NUEVA VIZCAYA, Philippines – In a sleepy village tucked in a valley in the Cordilleras, I found myself in the company of solitude.
A thousand meters above sea level, Pampang, Kayapa, makes the visitor a neighbor to the mountains. They greet you when you open your window in the morning. A cloud hovers casually near their ridges. In a place like this, you begin to believe in the weight of whispered salutations and the virtues of irrigation water.
The village is reachable by bus from Cubao, and a jeep that will climb the winding highway for two hours. When I arrived in Pampang on Thursday afternoon, the jacaranda tree was starting to bloom.
After the tiring commute, I met Soledad, one of the locals who offered her place as a homestay for runners doing the 50-kilometer and 100-kilometer foot race.
Solitude in Spanish is Soledad
A three-minute climb from the highway took me to a place I would call home for three nights. Soledad, or Ate Sol, the owner of the house, is a petite woman with hooded eyes and a gentle voice. She met me at the gate as I was trying to catch my breath.
Outside her house is a small coffee shop and a garden. The shelves in her kitchen are crammed with kettles, teapots, and French presses. There’s even a retro style manual coffee grinder with stainless frothing pitchers below it. Beans and grounds are in airtight jars. Cups are neatly lined up against the wall, and mugs hang from a wooden stand – some of them already collecting dust.
Adjacent to the kitchen is a garden where rows of plants relish the cold air. Paintings discarded by Baguio artists decorate her outdoor setup. On top of a bookshelf is an old photo of a younger Soledad wearing red lipstick. She is beaming.
The shop and the garden are both pandemic projects, she shared, when we were eating dinner that Thursday night. At the height of the lockdown, Ate Sol said the coffee shop became a respite for locals.
Back in my room, I started sorting my things and preparing for bed. From outside my window I could see pinpricks of light coming from houses across the other side. Two nights before, I was sobbing on a phone call with a friend, scared of going solo to a distant place for four days.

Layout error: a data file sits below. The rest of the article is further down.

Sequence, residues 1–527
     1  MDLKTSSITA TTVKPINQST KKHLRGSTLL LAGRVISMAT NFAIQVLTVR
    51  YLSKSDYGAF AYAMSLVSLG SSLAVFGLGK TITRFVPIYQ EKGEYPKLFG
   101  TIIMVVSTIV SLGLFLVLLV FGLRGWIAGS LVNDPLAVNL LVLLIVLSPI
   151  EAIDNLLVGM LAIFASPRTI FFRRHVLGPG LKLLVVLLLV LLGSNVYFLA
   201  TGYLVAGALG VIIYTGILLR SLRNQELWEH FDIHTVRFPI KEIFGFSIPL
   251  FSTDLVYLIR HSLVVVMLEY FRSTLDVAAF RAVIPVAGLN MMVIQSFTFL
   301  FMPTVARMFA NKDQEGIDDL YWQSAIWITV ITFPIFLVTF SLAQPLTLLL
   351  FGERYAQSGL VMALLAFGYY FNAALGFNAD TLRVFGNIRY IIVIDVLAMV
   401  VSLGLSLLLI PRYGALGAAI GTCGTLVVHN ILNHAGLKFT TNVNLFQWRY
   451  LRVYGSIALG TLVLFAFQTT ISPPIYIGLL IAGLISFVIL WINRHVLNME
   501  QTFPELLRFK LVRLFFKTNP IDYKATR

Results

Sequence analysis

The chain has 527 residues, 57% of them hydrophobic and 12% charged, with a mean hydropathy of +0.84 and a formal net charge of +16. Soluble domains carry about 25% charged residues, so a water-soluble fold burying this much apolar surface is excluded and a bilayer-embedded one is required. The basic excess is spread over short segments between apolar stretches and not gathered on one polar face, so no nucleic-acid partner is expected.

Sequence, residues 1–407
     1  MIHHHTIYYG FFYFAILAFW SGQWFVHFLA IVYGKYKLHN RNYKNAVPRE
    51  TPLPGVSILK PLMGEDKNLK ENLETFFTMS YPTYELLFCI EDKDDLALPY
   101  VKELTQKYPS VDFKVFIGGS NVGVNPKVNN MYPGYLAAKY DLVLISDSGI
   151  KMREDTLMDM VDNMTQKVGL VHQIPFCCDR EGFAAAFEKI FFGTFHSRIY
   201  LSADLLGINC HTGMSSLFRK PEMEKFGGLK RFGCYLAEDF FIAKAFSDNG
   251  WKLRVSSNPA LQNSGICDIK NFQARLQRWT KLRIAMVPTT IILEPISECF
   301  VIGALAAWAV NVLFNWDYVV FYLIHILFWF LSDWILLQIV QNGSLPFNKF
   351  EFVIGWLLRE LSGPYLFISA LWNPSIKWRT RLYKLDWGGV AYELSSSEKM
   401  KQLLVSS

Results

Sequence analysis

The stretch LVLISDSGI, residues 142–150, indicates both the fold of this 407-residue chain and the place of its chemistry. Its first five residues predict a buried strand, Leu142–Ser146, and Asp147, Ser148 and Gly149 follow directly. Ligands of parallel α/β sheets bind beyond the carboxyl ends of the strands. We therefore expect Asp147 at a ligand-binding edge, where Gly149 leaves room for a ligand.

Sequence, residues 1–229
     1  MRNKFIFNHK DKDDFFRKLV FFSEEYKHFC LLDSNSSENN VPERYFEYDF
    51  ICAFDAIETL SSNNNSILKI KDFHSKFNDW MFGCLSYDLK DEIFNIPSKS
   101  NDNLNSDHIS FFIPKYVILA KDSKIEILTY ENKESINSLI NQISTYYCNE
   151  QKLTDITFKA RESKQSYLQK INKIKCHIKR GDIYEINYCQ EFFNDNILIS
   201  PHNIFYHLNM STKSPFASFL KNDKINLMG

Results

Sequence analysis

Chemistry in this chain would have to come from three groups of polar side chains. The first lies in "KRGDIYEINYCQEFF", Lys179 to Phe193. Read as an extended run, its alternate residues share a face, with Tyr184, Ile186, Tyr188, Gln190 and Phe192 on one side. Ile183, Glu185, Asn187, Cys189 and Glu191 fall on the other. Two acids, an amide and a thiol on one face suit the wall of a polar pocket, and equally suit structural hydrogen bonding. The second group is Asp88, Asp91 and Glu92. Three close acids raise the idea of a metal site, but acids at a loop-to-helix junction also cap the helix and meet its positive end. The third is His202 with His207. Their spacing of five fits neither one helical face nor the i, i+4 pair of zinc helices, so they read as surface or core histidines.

She only told me, frankly, there’s nothing to be anxious about. The whole point was to be at peace, I guess, with this silence pierced by dogs howling through the night.
When I woke up Friday morning, Ate Sol already had her first cup of coffee (and would take one or two more cups as the morning passed). For breakfast, she cooked slices of meatloaf and prepared salted eggs and kimchi.
I took a walk after eating, carrying the camera a friend lent me. A white dog lounged beside the highway. Sacks of bananas awaited a delivery truck. An old woman wearing a bucket hat smiled at me. There was the occasional charm in the world’s indifference. In the clear light of day, I realized there’s nothing exceptional in my heartbreak that drove me to get coffee 300 kilometers away from home.
But it’s not therapy nor self-love that brought me here. I wanted to know how long I could stand under the searing heat or torrential rain, how I could take the ugliness of truth. And then be done with it. Or go through it again. Wherever life takes me, in this ultramarathon or other lofty mountains in the future, I hope I have grace to endure.
Back at the homestay, other runners had arrived. I met them during dinner. Two runners from Davao, two firemen from Makati and one’s girlfriend, a Marine and his wife. Ate Sol served dinner – tinolang manok na pinikpikan and fresh vegetable dishes. Everyone was running the hundred kilometer distance, except for me and the road runner from Davao who would end up winning the race.
When bonking, eat ice cream